Research in the 1980s found an anti-fertility (contraceptive) effect in rats; an extract prevented implantation, and thus conception. A 1989 study in Iraq showed that maidenhair fern is effective against E. coli, Staphylococcus, Proteus, Pseudomonas and Candida. A French study demonstrated its antiviral properties atainst Vesicular stomatitis. A study in Belgium in 1993 confirmed earlier research which showed that a water extract had an anti-hyperglycemic effect (lowered blood sugar levels).

The tea or syrup is used across the world as a soothing expectorant to treat bronchitis and respiratory disorders in general including colds and asthma. Another use which seems almost universal is as a treatment for hair loss (alopecia) and dandruff. Throat conditions such as laryngitis are also treated with maidenhair fern in many places. It is also used to promote or regulate menstruation, and in Brazil, as a childbirth aid.

A decoction is used in the Peruvian Andes for alopecia, gallstones, and jaundice.

Externally, it is used as a poultice on boils, bee stings, eczema, snake bites, and wounds. A paste made from the leaves is used in Nepal to treat headaches and chest pains by applying it directly to the area; a poultice would seem to be the easiest way to achieve this to avoid a potential mess!

As usual (even though you probably won’t be growing it yourself), if you do have the facilities and decide to grow this plant, avoid chemicals and other non-organic methods, so you can ensure that your remedy is not contaminated. To find out more about growing organic herbs, visit the Gardenzone.


Woad was used by ancient Britons for tattoo art

Woad health benefits: for food poisoning and influenza

Woad was used by ancient Britons for tattoo art

Woad was used by ancient Britons for tattoo art

Originally published on Herbal Medicine from Your Garden

Woad, Isatis tinctoria (syn. Isatis canescens or I. indigotica), is also sometimes called asp of Jerusalem, dyer’s woad or Marlahan mustard. In China, the plant is extensively used for medicine, and each part has a different name: the leaves are called da qing ye, the roots ban lang gen and the pigment qing dai.

You may also occasionally come across the name glastum, which was one of the names used by the ancient Romans. Glastonbury is in an area once known for its woad.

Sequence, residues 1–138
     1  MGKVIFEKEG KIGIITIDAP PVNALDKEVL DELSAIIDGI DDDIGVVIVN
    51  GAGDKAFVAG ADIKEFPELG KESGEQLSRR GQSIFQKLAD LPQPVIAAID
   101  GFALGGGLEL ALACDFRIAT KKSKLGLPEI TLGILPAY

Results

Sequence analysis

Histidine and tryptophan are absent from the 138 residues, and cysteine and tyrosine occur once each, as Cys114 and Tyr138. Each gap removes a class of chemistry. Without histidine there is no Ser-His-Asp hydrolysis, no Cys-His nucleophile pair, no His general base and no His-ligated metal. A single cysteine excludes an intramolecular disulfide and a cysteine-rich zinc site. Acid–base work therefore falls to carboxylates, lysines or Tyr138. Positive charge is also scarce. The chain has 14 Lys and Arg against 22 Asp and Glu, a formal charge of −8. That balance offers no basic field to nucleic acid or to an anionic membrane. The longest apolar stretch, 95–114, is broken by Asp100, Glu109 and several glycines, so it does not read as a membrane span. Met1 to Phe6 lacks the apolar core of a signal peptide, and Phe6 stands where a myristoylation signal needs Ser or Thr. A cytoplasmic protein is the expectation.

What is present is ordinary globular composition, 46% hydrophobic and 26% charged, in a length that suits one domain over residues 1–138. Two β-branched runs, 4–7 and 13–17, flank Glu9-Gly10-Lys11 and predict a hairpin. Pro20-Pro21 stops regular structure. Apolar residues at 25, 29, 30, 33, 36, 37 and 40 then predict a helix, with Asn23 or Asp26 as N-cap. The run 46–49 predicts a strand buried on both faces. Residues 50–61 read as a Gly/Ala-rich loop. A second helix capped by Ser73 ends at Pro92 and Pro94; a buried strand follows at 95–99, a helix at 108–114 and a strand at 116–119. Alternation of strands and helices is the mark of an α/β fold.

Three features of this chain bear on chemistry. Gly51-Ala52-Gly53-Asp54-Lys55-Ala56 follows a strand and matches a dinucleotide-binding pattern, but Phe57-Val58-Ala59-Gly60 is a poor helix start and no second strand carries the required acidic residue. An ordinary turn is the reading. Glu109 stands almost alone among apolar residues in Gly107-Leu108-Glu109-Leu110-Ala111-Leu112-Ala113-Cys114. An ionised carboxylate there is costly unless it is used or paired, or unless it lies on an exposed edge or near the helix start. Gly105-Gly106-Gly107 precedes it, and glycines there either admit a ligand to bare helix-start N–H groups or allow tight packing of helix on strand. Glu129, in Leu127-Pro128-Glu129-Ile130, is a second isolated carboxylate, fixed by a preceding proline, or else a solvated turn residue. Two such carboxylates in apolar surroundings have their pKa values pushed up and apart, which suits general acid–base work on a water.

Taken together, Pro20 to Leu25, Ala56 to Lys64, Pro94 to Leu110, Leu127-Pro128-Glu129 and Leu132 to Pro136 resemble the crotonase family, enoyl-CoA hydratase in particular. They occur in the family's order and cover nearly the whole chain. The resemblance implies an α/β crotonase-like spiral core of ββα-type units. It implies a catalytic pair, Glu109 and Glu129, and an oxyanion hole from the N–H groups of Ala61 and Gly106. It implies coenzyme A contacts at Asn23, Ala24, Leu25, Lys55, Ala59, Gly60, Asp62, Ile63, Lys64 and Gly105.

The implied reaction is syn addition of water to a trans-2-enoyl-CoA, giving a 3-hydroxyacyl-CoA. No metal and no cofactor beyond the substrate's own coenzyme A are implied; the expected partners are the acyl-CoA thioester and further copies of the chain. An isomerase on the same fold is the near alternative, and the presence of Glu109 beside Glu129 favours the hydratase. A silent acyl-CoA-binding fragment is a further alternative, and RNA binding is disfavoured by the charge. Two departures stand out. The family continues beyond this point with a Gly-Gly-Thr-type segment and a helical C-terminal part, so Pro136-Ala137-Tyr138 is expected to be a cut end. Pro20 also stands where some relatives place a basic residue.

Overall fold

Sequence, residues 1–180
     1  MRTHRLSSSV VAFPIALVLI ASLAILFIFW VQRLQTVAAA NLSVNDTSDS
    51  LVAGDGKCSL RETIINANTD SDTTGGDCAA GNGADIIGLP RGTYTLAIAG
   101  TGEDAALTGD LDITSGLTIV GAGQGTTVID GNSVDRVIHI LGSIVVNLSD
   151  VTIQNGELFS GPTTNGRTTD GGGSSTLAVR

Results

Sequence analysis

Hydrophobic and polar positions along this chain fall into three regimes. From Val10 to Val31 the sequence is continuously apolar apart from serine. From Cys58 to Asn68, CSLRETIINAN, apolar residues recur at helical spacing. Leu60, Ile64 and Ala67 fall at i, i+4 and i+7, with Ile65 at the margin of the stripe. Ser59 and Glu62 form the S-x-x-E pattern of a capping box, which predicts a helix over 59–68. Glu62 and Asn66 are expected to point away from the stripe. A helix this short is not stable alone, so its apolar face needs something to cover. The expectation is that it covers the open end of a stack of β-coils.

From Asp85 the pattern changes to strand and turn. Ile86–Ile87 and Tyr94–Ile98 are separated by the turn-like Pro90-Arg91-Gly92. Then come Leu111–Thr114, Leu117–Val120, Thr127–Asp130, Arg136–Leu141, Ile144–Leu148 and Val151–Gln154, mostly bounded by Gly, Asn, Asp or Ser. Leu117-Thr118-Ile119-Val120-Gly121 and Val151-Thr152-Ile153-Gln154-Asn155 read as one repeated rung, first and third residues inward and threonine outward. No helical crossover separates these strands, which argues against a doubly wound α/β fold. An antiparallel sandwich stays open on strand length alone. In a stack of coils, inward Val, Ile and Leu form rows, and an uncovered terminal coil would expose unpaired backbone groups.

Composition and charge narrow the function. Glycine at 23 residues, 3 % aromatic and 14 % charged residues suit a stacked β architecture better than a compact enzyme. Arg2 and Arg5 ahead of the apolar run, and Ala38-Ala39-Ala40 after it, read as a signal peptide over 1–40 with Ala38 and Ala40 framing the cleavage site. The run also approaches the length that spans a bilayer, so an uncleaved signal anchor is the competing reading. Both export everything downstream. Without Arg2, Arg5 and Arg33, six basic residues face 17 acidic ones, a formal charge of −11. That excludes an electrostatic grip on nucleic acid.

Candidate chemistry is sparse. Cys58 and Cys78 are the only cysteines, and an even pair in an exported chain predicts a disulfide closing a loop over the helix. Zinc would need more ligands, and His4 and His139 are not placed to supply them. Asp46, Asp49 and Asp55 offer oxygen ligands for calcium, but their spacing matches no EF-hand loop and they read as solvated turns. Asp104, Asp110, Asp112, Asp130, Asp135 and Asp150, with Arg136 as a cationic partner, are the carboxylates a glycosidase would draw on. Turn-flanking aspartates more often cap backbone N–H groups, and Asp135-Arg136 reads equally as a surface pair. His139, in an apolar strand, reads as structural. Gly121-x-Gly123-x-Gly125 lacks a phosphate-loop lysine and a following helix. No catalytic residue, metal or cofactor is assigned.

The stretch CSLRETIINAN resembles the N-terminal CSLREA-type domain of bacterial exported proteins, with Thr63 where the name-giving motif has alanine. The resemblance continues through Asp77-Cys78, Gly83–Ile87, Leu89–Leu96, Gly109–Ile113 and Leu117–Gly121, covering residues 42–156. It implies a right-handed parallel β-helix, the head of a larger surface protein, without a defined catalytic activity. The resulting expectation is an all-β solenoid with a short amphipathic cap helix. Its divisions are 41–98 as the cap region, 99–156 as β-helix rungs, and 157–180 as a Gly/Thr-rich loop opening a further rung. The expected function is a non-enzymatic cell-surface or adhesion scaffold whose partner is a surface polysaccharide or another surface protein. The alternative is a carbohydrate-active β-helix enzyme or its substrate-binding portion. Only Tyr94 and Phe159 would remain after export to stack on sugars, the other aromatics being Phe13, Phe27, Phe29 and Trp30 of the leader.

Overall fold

At the time of the Roman invasion, Britons used woad to tattoo blue patterns on themselves, which made them appear fearsome in battle (which is why the Romans called them Picti, which means “painted men”). It can also be used to make a blue dye using alum and potash as mordant. The woad dye-production industry continued in Europe from at least the 10th century until the beginning of the 20th century when synthetic dyes became available.

Woad is a class A noxious weed in parts of the USA. It is a biennial or short lived perennial with a taproot which makes it difficult to eradicate. A native of Central and Southern Europe, it is naturalized in many parts of the UK and across much of the USA. It prefers rich neutral to alkaline (even very alkaline) soil which is well drained, and will not grow in full shade. As the plant depletes the soil, it needs to be planted in a new place every couple of years to maintain a good supply. It’s a member of the cabbage family (which is susceptible to clubroot), so should not be preceded or followed by other members of the same family.

Harvest in the summer, preferably before it flowers to avoid self-sowing, and dry in a cool airy place out of the sun before storing in an airtight colored container. If you wish to use the pigment, this can be extracted from fresh leaves following the instructions given here.

To make a standard infusion use 30g (1 ounce) of dried leaves or 3 handfuls of fresh to 600ml (2.5 US cup, 1 UK pint) of boiling water. Allow to stand for at least 15 minutes (up to 4 hours), then strain off the herb and discard.

To make a decoction use 30g (1 ounce) of chopped root to 600ml (2.5 US cup, 1 UK pint) of cold water. Bring to a boil, turn down and simmer until the liquid is reduced by half, then strain off the herb and discard. Dosage in either case is up to 1 cup, split into 3 doses.

The leaves have antibacterial, anticancer and antiviral properties, the root is antibacterial and anticancer. Use a standard infusion of leaves to treat viruses and bacterial infections including encephalitis, erysipelas, heat rash, influenza, meningitis and mumps. Use a root decoction to treat fevers, respiratory inflammation in influenza and meningitis, acute infectious diseases including diptheria, dysentery, food poisoning (E.coli and salmonella), streptococcus, typhoid and paratyphoid. The pigment can be used externally as a plaster for inflammation and to staunch bleeding.

Those Picts must have been healthy!

As with all herbs used in remedies, you should grow woad organically to ensure that its active constituents are not masked or etirely eliminated by the presence of foreign chemicals. To find out more about growing organic woad visit the Gardenzone.